Having diabetes and an eating disorder is exhausting. It can feel isolating in eating-disorder peers’ assumption that everyone’s recovery is like theirs, without acknowledgment of the unique issues you face; in fellow diabetics’ food judgments and orthorexic tendencies; in healthcare professionals’ lack of nuanced understanding of eating disorders, or diabetes, or both. I’m from the U.S., and have been lucky enough to live close to a treatment center that treats people who have both Type 1 diabetes and an eating disorder. Even there, at times it seems I was seen more as a diabetic than specifically one with an eating disorder; the meal plan which I was initially given, standard for diabetics, was smaller than ones I’d used previously in recovery. Though many with Type 1 are resistant to take insulin due to the weight changes it can cause, an understandable clinical focal point, that hasn’t been an issue for me personally.

Between everyday life stress and the challenge of intensive diabetes self-management, relapse has often seemed a tempting option, a way to numb out and avoid all of the difficulties I can literally never perfect. I was far more hopeful about recovery before being diagnosed with diabetes; stability had seemed like a guarantee rather than a gamble. These days, I could develop ketones while getting sick or come close to losing consciousness after going for a walk. These events are relatively rare, but it is still difficult to realize just how little control I have. There’s only so much I can do, both when considering the social determinants of health and this chronic illness. I have no idea whether I could safely live alone due to somewhat frequent hypoglycemia unawareness, let alone whether I’ll be able to afford insulin in the future. With all of this uncertainty, it is so much easier to fixate on the type of bread I’m eating, though I know several grams of carbs wouldn’t make a difference. This constant focus on food and exercise, carb and fat and glycemic index, is tiring as it is, doubly so when I remember that this is likely part of my reality for the rest of my life - not due to disordered habit but necessity.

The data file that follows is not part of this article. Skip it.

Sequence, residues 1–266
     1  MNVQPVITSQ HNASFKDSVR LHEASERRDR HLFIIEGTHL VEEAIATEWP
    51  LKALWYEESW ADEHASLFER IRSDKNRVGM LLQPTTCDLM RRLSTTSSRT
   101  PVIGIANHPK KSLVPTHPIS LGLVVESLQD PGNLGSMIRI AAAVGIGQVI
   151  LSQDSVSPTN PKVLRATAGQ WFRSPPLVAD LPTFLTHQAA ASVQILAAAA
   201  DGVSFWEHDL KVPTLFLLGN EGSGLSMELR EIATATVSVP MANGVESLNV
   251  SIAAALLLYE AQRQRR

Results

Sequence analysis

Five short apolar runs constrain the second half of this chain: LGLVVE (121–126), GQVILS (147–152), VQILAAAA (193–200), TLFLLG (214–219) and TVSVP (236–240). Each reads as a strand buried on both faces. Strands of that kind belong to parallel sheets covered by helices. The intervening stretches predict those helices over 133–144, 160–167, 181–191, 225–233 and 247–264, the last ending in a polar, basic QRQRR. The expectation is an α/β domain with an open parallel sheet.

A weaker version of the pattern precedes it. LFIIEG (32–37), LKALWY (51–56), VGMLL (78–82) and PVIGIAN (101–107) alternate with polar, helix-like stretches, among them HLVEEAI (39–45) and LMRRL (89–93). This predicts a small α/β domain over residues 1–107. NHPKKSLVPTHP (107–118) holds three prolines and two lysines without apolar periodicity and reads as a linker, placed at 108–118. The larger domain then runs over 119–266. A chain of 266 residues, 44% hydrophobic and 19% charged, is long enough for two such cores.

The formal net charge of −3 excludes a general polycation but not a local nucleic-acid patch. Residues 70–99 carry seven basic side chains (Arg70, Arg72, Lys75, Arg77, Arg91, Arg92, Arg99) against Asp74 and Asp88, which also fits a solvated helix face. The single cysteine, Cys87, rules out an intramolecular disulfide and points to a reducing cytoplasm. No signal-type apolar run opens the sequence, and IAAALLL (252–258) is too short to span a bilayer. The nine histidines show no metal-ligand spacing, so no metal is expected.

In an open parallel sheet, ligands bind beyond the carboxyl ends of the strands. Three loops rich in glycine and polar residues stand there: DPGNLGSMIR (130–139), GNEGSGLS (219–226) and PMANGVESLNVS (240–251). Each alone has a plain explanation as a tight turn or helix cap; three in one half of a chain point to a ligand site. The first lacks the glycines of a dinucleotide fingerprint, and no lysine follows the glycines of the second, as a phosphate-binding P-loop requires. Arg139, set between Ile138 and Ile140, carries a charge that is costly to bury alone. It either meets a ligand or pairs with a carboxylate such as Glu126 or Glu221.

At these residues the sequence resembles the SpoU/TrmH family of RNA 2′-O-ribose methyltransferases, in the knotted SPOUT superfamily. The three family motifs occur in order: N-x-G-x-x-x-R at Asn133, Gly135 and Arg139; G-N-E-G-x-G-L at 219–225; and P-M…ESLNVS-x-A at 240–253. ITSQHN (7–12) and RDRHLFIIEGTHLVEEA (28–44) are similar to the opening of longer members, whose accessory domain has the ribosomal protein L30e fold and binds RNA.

I know that I want more for myself than this, but there are no easy answers. I cannot change what has already happened, of course; there is no way I can tamp down my levels of GAD antibodies (which indicate how extensively my body is attacking its own insulin-producing cells) or undo my eating disorder history. For the most part, I have accepted my diabetes. Though I would not choose this, it is what it is, and as time has gone on it has gotten easier. Right now I can’t picture a full recovery for myself, as many definitions of recovered exclude a preoccupation with food that may be necessitated by other health conditions, particularly autoimmune ones. While I don’t have a sense of freedom around food in the way that I once did, I hope that this too will get easier. With each counted exchange and insulin shot, I am moving towards a future where I can accept who I am and embrace flexibility, and that at least, is something. 

Type 1 diabetes is an autoimmune disease, most commonly diagnosed in youth with Northern European heritage, that results in the beta cells (in the pancreas) being unable to produce insulin. Insulin is vital for blood-sugar regulation, and having a high blood sugar level for extended periods of time leads to complications like neuropathy, impaired kidney function, and cardiovascular disease. In Type 1, and less commonly in Type 2, an insulin deficit leads to ketones building up in the blood. Because the cells of the body are unable to access the sugar being stored in the bloodstream, the body begins to break down fat to use as fuel. This makes the blood acidic, which can lead to fatigue, coma, and death. 

It is important to note here that I was diagnosed with Type 1, and that I am a weight that is not highly stigmatized. Because of this, I am not blamed for my condition by the media or acquaintances, nor do I experience the societal oppression that comes from existing in a larger body. Additionally, it is critical to note the demographics of so-called lifestyle diseases, and how such ideas cloud our perceptions. If I were to say that developing diabetes was not my fault, people would believe me; this likely would not be the case if I were fat and/or a person of colour. I think that open dialogue about the various types of diabetes is critical, both among diabetics and non-diabetics. All too often, the condition is both generalized and stigmatized, and education is a powerful tool for understanding. That being said, I only have personal experience with Type 1, so that's what I have focused on in this piece.

- Anonymous (submitted June 3, 2018)